The nation’s most prolific producer of education statistics is, not surprisingly, the U.S. Department of Education, whose National Center for Education Statistics collects and publishes a huge variety of education data on such matters as student enrollment, test scores, school staffing, and graduation rates.
Another not so surprising source of education statistics is the National Education Association, whose Research Department produces an annual “Rankings & Estimates” report on school statistics, which is a much-quoted source of national and state-level data on teacher salaries.
Last November, NEA Research produced a Fall 2002 update to its “Rankings & Estimates” report for the school year 2001-02. According to this supplemental report, the average public school teacher salary for school year 2001-02 was $44,499, up 2.7 percent from 2000-01. Public school enrollments were up 1.0 percent to 47,416,002, while the number of teachers rose 1.7 percent to 2,968,904. The student-teacher ratio fell from 16.1 in 2000-01 to 16.0 in 2001-02. Total expenditures on education, including capital and interest, rose 5.1 percent to $413.0 billion in 2001-02.
While NEA Research reports teacher salaries and other statistics in rank order by state, in the table below School Reform News places the data for a particular state in context by reporting it as a percentage of the national average. For example, California teachers are paid 121 percent of the national average, while South Dakota teachers are paid 70 percent of the national average. Similar reporting is provided for the student-teacher ratio and total expenditures per pupil.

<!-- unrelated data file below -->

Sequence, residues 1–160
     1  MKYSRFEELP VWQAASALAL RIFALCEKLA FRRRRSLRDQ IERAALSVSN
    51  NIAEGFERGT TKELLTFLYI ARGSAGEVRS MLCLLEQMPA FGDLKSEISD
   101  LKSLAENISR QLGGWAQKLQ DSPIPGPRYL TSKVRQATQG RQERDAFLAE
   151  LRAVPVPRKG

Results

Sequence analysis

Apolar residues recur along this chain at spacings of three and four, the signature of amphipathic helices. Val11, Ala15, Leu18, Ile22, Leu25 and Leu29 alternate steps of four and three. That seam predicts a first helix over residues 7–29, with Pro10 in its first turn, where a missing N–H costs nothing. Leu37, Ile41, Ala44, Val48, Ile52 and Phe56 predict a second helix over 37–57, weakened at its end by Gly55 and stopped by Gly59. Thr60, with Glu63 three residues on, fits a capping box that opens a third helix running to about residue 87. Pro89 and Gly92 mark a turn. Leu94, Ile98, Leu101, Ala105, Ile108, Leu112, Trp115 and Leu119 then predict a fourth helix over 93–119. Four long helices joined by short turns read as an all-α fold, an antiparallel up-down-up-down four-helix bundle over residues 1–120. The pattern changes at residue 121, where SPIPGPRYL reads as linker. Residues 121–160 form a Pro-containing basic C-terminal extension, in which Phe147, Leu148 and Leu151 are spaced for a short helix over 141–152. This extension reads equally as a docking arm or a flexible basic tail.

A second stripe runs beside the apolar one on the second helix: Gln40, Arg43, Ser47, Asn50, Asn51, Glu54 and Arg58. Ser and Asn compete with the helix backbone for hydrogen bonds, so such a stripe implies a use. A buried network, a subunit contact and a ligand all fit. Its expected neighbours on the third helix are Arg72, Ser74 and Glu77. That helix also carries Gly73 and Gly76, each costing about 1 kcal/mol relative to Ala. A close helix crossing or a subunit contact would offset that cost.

To place teacher salaries in the context of total expenditures, each state’s teacher salaries were multiplied by the number of teachers to produce state-level expenditures on teachers. When reported as a percentage of total expenditures, these figures show large variations by state. For example, almost half (47.6 percent) of all education spending in North Dakota goes to teacher salaries. By contrast, in the District of Columbia–where total expenditures per pupil top the nation at a remarkable $15,371 per student–only one in five (21.8 percent) education dollars is spent on teacher salaries.
For more information …
The Fall 2002 Update of the National Education Association’s “Rankings & Estimates” report is available online at http://www.nea.org/edstats/reupdate02.html. The previous full report is available at http://www.nea.org/edstats/images/02rankings.pdf.